2014); and (d) the weddellite in a giant cactus, saguaro (Carnegiea gigantea
), which is transformed into calcite over 10-20 years after the death of the cactus and its collapse onto the soil surface of the Sonoran Desert (Garvie 2006).
spinolae), se le considera como la plaga primaria en el cultivo de nopal Opuntia ficus-indica (L.) Miller (Rodriguez et al., 2012) en Mexico, ademas, se ha reportado en varias especies de cactaceas: Carnegiea gigantea
(Engelm.) Britton & Rose, Cereus sp., Cylindropuntia sp., Ferocactus sp., Hylocereus spp., Selenicereus hamatus (Scheidw.) Britton & Rose, Stenocereus spp., asi como en Asparagaceas (Agave spp.) (Vaurie, 1967; Anderson, 2002; Ramirez et al., 2011; Romo & Morrone, 2012; Bravo et al., 2014; Lopez et al., 2016a).
In the desert Southwest, Joshua trees (Yucca brevifolia) in Joshua Tree National Park, California, and saguaro (Carnegiea gigantea
) in Saguaro National Park, Arizona, are threatened by nonnative grasses introduced by humans, increasing prevalence of wildfire, and climate change.
The Carnegiea gigantea
served as our state representative even before we became a state, when a crested specimen plucked from the Sonoran sand anchored a Southwestern exhibit at the 1893 World's Fair.
Bowers JE, Pierson EA (2001) Implications of seed siza for seedling survival in Carnegiea gigantea
and Ferocactus wislizeni (cactaceae).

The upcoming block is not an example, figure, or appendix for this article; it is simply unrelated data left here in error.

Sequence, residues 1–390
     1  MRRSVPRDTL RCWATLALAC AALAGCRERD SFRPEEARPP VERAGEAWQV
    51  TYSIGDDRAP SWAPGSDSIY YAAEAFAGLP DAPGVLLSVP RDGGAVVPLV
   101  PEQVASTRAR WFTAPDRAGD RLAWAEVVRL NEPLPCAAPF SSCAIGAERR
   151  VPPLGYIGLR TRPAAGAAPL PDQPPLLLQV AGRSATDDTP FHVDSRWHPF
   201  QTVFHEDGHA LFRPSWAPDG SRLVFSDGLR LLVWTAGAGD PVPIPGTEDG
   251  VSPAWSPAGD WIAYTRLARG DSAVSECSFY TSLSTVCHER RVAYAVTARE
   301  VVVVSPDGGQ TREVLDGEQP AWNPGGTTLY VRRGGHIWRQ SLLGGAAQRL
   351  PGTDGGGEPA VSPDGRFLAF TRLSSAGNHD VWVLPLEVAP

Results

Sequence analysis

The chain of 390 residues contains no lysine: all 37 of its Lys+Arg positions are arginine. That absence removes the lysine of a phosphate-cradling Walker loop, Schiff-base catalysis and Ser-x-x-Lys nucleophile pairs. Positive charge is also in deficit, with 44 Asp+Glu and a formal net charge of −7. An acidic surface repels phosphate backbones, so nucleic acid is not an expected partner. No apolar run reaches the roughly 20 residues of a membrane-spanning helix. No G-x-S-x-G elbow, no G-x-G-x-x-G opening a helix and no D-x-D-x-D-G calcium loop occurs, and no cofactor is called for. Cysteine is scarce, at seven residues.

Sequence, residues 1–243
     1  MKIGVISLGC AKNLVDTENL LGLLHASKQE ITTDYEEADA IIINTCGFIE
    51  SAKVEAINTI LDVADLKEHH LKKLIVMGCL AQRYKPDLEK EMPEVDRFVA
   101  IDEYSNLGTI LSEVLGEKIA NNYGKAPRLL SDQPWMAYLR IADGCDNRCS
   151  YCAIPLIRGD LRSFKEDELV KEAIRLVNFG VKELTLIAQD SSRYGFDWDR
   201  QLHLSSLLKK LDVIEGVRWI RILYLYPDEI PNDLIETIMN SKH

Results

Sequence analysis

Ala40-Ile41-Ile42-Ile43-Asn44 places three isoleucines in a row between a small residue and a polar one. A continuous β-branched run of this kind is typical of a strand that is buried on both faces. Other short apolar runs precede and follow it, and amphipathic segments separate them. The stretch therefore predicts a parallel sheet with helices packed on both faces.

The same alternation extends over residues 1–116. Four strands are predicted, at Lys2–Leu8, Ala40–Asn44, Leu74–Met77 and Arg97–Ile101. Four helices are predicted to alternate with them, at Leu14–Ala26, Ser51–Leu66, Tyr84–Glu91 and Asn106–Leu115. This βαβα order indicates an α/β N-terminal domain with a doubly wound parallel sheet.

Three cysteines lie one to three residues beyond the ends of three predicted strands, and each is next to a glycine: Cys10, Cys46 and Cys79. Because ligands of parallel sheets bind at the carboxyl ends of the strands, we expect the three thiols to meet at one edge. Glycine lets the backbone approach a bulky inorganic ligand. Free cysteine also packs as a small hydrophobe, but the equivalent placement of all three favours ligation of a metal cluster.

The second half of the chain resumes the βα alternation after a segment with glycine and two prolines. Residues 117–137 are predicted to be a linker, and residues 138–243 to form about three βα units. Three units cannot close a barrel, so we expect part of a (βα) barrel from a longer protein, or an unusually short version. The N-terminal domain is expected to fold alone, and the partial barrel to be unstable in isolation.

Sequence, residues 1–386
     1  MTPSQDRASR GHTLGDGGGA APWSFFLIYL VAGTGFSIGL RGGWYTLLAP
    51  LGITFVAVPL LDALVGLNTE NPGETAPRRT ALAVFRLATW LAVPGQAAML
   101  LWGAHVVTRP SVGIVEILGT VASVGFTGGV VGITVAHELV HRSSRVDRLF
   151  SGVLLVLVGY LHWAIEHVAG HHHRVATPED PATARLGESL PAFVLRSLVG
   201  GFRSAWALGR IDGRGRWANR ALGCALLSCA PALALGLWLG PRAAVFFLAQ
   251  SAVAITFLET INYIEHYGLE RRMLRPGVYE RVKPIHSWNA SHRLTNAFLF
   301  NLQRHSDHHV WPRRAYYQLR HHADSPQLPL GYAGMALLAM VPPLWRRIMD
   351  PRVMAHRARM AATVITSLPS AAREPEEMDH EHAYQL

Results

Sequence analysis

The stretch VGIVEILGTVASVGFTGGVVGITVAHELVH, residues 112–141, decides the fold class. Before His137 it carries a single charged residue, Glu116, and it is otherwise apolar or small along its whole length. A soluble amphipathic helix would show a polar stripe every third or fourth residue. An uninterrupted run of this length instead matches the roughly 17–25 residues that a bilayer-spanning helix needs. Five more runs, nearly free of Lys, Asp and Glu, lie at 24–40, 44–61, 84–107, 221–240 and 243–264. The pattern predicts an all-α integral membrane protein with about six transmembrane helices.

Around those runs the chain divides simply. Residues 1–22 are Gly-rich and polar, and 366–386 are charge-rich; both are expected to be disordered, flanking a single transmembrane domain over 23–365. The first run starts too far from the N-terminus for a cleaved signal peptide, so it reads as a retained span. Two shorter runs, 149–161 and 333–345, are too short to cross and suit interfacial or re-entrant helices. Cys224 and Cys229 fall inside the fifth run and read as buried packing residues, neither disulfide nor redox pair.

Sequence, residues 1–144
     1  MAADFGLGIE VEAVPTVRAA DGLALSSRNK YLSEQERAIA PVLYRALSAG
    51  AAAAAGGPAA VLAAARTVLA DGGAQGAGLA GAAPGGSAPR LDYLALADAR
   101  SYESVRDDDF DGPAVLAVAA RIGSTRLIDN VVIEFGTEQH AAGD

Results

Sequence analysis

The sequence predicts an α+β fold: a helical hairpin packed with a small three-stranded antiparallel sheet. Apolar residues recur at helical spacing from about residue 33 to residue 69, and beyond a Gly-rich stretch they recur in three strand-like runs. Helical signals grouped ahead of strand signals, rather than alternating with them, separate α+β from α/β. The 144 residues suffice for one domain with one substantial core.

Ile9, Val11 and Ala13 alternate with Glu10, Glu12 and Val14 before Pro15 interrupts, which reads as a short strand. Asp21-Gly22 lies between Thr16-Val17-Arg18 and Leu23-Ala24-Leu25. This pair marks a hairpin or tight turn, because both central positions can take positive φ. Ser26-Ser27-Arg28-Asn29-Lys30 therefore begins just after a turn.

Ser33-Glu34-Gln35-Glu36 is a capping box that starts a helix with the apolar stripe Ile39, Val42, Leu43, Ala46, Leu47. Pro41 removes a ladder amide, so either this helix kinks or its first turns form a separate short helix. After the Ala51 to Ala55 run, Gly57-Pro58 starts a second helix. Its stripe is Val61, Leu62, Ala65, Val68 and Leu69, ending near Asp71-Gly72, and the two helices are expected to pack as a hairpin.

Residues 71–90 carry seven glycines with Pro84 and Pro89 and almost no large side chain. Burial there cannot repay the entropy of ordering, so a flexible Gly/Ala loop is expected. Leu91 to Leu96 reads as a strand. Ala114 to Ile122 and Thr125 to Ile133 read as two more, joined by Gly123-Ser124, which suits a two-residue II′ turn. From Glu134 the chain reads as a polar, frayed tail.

Plant facilitation in extreme environments: the non-random distribution of saguaro cacti (Carnegiea gigantea
) under their nurse associates and the relationship to nurse architecture.
In that review, in which interesting trends between demography and life-form emerged, only one cactus, Carnegiea gigantea
, was included.
[= Carnegiea gigantea
(Engelm.) Britton & Rose]} from freezing temperatures in the winter (Nobel, 1980), while sheltered snow gum (Eucalyptus pauciflora Sieber ex Spreng.) seedlings had higher photosynthetic rates and lost less leaf area during winter than exposed seedlings (Egerton et al., 2000).
Springtime in southern Arizona brings the spectacular blooming of the saguaro cactus (Carnegiea gigantea
) to the Sonoran Desert.
The saguaro (Carnegiea gigantea
[Engelm.] Britton & Rose) is a prominent, long-lived, columnar cactus of the Sonoran Desert, occurring throughout much of southern Arizona, USA, and western Sonora, Mexico (Turner et al.